Now all hope isn’t lost for Deni. It looks like he has been hard at work this off-season training with some of the best trainers in the NBA, and perfecting his craft. Not only has there been a noticeable improvement in his shot, but he also seems to be more aggressive. In the games that he’s played for Israel in the Eurobasket, Deni has thrown down dunks like there’s no tomorrow. Not only is he finishing strong in the paint, he’s also attacking the paint every time he can, instead of settling for a jump shot, he’s drawing contact and getting to the line. Now of course, this isn’t the NBA, but if Deni can keep that same attitude of trying to will his way to the rim every time he possibly can, good things will happen. We’ve seen him drop 20+ points multiple times in the Eurobasket by doing this. It would be fair to assume that if he keeps the same aggressive mindset in the NBA this season paired with his improved shooting, we will definitely see an uptick in his production this season.


Rui Hachimura (F)- Becoming a three-level scorer


After the 2020-21 season, many of the Rui "stans" were saying "just wait for him to get a three-point shot, and he’ll be a star." Well after shooting 45% from three this season, it’s safe to say that Rui’s three-point shot is here, but he’s not yet a star. Reason for that? Well, he has the ability to score at all three levels, but he just needs to put it all together. He finishes at a very high percentage in the restricted area, and is very aggressive when attacking the paint. Isiah Stewart can attest to that. In his first two seasons, his go-to move was the one and two dribble pull-ups in the Mid-Range. While he still used it this season, it was far less frequent. Only about 13% of his shots were from the Mid-Range this season. On top of that, his shot making from the right side of the floor in the mid range fell by nearly 20% !. This was one of his favorite spots last year. If Rui can work on that mid-range game and get back to how he was in his first two years in the league, he will be a very tough cover. He has the physical tools to become a good player in this league. His shredded 6’8 frame makes him a tough cover for most people playing his position. On top of that he also has scoring at each individual level, he just needs to use it all at once, rather than adding one thing to his arsenal, and moving away from something else.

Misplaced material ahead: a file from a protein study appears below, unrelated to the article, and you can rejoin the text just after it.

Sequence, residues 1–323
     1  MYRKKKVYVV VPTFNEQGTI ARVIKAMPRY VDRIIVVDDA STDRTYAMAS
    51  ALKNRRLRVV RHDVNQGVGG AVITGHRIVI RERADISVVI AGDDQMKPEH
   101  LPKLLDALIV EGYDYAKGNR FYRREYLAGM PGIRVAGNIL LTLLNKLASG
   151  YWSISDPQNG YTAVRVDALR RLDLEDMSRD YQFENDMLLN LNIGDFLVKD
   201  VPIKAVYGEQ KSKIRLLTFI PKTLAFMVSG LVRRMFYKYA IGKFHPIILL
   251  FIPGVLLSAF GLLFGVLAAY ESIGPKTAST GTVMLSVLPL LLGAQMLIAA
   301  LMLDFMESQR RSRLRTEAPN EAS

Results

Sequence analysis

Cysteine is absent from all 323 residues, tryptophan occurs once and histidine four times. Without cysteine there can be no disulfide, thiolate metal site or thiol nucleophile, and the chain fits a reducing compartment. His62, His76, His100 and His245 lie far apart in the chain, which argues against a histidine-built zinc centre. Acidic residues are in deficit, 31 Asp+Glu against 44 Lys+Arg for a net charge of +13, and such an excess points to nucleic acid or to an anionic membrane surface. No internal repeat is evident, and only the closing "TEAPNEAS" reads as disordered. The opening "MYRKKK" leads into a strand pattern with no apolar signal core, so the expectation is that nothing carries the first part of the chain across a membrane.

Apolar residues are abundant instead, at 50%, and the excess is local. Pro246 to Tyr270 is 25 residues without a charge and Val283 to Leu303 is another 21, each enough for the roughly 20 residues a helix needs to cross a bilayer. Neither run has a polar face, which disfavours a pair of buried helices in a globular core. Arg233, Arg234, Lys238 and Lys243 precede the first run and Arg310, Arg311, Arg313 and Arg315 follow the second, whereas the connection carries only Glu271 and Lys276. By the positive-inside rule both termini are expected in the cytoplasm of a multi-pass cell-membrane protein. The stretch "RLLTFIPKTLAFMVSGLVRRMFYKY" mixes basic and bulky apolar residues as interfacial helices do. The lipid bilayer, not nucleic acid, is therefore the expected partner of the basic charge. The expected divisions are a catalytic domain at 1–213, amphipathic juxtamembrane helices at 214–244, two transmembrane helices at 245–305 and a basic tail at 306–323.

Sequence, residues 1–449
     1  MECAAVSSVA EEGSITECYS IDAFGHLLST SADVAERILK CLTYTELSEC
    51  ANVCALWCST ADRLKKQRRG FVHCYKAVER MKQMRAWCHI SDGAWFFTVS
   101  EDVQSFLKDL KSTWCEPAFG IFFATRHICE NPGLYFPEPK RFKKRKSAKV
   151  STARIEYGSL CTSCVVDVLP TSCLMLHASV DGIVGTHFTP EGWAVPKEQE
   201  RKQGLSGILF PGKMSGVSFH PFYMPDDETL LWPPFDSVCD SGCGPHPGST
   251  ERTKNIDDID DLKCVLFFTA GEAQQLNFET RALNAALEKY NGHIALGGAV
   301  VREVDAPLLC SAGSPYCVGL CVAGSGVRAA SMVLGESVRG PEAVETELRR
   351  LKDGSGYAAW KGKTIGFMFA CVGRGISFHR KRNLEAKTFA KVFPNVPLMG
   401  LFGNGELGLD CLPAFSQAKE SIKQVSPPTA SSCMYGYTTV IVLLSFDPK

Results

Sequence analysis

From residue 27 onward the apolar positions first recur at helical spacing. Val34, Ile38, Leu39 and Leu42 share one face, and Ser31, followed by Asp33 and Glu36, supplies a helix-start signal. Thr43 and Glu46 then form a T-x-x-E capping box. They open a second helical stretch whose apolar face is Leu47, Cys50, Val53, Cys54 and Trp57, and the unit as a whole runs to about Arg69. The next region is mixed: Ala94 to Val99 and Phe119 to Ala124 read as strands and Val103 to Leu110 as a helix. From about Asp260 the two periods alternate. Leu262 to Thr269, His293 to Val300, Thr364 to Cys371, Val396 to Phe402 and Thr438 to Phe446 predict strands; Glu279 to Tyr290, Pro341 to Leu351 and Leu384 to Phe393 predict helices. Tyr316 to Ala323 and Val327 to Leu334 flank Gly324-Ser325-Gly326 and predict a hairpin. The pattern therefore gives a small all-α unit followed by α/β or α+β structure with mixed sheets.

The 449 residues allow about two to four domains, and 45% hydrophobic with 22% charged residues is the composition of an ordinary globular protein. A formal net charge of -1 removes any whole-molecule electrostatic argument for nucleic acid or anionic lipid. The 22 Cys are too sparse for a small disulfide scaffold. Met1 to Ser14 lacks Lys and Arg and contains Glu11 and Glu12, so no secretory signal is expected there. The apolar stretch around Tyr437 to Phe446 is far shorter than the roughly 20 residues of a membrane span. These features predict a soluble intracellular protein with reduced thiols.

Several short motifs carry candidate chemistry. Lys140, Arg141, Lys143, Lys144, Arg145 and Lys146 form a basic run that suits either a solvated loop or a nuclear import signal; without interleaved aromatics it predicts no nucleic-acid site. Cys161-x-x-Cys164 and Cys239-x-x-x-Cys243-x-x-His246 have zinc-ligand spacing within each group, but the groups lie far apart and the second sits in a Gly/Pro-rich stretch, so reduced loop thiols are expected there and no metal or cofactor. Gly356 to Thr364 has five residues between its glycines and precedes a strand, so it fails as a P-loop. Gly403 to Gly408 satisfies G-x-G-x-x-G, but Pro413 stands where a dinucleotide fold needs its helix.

Corey Kispert (F)- Becoming a consistent three point shooter


In games where he has taken at least 2 shots from behind the long line, Kispert has 35 games where he has shot below the league average. Now to Corey’s credit, he did improve towards the latter half of the season. He shot 39.4% from three in the last two months of the season. However, even in the last 23 games, he had 8 games where he shot below league average. What the Wizards need from Kispert is for him to blossom into an elite three point sniper. All of the teams that have gone deep into the playoffs in the past year had an elite three point sniper. The Warriors have Curry. The Celtics have Williams. The Mavs have Bullock. The Heat have Robinson. For the Wizards to really be able to take that next step, they need that elite shooter on their roster. This not only provides an additional threat on the floor, but also would open up the floor more for guys like KP and Beal to do their thing. Corey needs to be able to be a threat every single night, because that’s what elite shooters do, and when he gets to that stage, the Wizards will be able to be dangerous on a whole other level.